What causes snoring?

If you identify the cause you may find the cure.”

In just the same way as a person may sneeze for several reasons – a bad cold or an allergy are just two examples – snoring can be caused by a variety of different things, or a combination of several of them. Everybody has different reasons as to why they snore but until the cause of the snoring problem is isolated, then it’s difficult to discover the right solution. It’s vital to evaluate the problem and it can be done. The good news is that once you’ve done that, no matter how much or whenever you snore, there’s a solution that can al least reduce it.

The most common causes of snoring are:

  • Age. Your throat narrows as you get older and the ‘muscle tone’ decreases. One result of this, by middle age, is snoring
  • Your build. Men have narrower air passages than women which makes them more likely to snore. Some things such as a narrow throat, a cleft palate, or enlarged adenoids, and other physical attributes that contribute to snoring are often hereditary.
  • Nasal or sinus problems. Blocked airways make inhalation difficult creating a vacuum in the throat, leading to snoring.
  • Overweight or out of shape. Fatty tissue and poor muscle tone contribute to snoring.
  • Alcohol, smoking, and medication. Drinking alcohol, smoking, and certain medications can cause muscle relaxation which often leads to snoring.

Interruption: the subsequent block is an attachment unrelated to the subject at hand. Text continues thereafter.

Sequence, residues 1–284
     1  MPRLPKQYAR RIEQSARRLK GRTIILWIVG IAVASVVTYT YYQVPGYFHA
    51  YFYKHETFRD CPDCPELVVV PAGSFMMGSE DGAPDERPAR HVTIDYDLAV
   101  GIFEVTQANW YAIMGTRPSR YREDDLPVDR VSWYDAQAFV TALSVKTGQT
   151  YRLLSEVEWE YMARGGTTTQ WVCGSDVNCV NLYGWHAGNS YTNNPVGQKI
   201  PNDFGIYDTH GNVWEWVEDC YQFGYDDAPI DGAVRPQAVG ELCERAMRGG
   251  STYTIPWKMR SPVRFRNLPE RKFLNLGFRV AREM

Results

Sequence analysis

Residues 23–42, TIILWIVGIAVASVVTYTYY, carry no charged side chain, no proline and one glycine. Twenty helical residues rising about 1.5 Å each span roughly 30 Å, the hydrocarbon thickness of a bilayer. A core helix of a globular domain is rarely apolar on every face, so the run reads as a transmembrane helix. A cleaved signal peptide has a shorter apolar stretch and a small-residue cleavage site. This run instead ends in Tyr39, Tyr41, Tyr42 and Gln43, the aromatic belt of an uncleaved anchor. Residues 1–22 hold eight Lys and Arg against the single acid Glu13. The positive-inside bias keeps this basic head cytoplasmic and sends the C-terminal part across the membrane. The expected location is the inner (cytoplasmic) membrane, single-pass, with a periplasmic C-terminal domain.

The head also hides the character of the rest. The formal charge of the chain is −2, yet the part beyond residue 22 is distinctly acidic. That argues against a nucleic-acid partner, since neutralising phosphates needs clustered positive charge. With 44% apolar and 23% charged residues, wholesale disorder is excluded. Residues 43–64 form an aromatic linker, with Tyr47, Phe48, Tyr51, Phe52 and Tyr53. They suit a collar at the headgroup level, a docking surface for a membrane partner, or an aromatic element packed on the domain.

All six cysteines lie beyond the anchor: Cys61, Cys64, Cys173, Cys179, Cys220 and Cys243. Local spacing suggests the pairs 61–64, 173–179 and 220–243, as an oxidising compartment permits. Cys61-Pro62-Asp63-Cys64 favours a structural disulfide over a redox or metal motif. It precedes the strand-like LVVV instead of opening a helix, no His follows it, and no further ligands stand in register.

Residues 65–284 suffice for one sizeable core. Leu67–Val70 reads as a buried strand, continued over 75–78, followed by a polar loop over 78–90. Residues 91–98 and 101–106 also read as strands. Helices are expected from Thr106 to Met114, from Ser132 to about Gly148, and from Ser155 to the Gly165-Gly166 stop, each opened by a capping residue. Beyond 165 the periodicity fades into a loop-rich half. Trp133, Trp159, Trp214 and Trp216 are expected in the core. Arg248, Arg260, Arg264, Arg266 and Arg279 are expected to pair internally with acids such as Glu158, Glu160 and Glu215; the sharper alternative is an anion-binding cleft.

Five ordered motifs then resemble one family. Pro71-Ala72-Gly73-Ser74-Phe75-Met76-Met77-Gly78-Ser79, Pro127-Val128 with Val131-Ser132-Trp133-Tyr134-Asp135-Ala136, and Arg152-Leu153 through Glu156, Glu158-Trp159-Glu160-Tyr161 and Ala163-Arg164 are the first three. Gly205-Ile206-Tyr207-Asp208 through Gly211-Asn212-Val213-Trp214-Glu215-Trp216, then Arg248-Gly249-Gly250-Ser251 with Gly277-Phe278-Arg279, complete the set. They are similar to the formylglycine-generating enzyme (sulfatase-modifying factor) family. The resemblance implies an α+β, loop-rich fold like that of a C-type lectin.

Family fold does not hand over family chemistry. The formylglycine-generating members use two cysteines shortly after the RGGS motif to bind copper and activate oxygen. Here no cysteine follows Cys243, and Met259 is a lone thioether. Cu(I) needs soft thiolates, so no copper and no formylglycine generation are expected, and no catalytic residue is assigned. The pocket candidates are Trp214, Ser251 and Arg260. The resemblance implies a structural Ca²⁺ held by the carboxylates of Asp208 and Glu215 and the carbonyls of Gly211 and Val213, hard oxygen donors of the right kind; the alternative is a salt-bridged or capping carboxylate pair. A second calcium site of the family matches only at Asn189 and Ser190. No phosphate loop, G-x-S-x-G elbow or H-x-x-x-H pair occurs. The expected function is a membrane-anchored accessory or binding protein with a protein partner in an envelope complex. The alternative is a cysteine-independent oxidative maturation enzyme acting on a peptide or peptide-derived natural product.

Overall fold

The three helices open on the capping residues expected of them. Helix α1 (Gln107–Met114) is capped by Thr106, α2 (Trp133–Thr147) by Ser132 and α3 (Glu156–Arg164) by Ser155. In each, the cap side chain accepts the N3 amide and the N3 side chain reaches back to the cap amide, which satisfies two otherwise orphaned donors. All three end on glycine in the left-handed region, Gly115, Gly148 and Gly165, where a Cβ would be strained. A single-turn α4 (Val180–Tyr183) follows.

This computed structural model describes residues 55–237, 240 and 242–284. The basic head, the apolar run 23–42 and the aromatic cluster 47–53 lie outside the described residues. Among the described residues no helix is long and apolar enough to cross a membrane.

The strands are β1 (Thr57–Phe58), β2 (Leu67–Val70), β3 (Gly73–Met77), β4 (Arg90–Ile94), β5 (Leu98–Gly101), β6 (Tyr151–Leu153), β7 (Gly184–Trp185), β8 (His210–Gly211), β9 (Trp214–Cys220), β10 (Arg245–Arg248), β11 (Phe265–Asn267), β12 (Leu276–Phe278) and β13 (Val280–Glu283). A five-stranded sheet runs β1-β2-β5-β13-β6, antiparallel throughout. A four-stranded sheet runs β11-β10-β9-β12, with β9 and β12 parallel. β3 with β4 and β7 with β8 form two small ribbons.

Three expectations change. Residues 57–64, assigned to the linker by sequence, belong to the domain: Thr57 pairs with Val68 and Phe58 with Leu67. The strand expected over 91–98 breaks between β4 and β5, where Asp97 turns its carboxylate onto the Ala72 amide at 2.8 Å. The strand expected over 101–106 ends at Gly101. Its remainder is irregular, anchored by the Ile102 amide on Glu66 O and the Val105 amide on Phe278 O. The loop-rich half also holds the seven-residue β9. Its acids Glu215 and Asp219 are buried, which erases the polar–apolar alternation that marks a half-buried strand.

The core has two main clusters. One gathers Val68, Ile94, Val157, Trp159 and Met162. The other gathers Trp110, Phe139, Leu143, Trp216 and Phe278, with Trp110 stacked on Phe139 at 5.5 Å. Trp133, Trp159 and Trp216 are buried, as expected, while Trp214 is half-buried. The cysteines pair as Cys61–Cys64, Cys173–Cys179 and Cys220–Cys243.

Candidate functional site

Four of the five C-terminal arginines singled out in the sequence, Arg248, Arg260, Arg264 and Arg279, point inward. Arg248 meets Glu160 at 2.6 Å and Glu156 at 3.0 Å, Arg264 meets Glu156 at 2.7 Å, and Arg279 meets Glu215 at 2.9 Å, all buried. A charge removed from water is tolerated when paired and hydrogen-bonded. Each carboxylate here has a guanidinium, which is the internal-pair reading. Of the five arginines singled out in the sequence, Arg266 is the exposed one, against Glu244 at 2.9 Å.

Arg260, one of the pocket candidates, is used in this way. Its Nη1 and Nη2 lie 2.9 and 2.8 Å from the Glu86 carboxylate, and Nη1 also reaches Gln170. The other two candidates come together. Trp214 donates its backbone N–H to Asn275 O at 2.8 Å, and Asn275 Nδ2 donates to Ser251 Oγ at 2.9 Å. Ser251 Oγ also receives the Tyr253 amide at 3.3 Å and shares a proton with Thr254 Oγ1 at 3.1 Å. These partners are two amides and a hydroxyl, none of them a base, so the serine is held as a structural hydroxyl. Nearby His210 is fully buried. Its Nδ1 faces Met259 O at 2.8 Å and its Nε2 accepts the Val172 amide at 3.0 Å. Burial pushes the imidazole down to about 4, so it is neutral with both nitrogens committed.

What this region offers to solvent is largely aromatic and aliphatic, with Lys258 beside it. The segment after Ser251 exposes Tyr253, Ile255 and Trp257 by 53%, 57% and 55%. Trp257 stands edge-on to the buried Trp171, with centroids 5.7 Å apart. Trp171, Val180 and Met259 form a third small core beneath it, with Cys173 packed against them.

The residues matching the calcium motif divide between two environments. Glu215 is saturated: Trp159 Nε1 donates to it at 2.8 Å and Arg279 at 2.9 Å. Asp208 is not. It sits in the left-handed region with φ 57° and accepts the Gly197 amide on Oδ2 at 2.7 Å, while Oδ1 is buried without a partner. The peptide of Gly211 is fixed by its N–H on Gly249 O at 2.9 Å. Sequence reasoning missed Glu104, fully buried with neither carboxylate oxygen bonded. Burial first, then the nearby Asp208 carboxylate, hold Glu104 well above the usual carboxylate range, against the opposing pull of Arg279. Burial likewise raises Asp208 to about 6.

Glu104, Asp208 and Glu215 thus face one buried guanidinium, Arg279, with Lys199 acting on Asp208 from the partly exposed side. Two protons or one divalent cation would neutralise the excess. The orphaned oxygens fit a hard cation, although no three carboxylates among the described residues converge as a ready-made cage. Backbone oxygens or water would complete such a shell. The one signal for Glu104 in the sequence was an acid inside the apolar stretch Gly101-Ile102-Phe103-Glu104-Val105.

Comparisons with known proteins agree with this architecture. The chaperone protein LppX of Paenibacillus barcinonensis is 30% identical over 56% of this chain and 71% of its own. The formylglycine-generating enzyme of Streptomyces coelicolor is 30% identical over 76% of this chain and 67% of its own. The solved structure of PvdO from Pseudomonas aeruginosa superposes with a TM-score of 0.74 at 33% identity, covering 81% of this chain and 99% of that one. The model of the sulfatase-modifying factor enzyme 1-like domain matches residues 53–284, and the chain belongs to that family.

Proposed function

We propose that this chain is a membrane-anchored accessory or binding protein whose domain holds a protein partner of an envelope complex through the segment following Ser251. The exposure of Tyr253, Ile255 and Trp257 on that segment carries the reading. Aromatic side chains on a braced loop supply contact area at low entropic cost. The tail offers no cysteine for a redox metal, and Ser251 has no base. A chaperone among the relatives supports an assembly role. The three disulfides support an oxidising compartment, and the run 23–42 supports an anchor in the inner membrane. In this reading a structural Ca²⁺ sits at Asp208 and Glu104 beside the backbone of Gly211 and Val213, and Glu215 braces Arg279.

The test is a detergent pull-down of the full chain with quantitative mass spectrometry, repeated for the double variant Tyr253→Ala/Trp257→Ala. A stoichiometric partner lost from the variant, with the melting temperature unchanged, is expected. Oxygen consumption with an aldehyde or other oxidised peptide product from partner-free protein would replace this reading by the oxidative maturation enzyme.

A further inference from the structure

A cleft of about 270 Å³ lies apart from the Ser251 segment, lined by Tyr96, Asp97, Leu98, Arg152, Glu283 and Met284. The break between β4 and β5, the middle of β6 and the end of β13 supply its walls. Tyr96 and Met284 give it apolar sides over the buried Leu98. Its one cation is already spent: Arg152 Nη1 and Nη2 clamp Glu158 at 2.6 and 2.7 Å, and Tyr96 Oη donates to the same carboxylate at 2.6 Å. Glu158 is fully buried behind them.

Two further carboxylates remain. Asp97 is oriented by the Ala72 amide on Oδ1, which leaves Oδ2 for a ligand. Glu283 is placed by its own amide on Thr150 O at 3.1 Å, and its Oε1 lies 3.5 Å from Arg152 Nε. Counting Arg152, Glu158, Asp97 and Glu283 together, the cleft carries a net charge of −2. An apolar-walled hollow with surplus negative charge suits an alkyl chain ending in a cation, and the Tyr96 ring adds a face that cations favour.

• Sleep posture. Sleeping flat on your back causes the flesh of your throat to relax and blocks the airway.

So the first step to solving a snoring problem is therefore to find the cause of your snoring. Enlist your wife or partner to help you keep a diary of your sleep to monitor your snoring. Observing patterns in your snoring can often help define why you snore, what makes it worse, and how to go about stopping the snoring.

Remember. How you snore often reveals why you snore. It’s crucial to note  the different ways you sleep and snore. Sleep positions reveal a lot, and figuring out how you snore can reveal why you snore. 

Knowing how you snore gets you closer to a cure.

  • Closed-mouth snoring may indicate a problem with your tongue.

  • Open-mouth snoring may be related to the tissues in your throat.

  • Snoring when sleeping on your back is probably mild snoring – improved sleep habits and lifestyle changes may be effective cures.

  • Snoring in all sleep positions can mean your snoring is more severe and may require a more comprehensive treatment.

Finding the right cure for your snoring

This can be the hard part with so many strange anti-snoring devices now being available with more being added all the time. Finding the right solution for your snoring can seem like a daunting task and unfortunately, many of these unusual devices are unproven.

There are, however, plenty of proven techniques to help you to stop. Not every remedy is right for every person so it may require patience, some changes of lifestyle, and a willingness to experiment with different solutions to finally put a stop to your snoring.

By John Redfern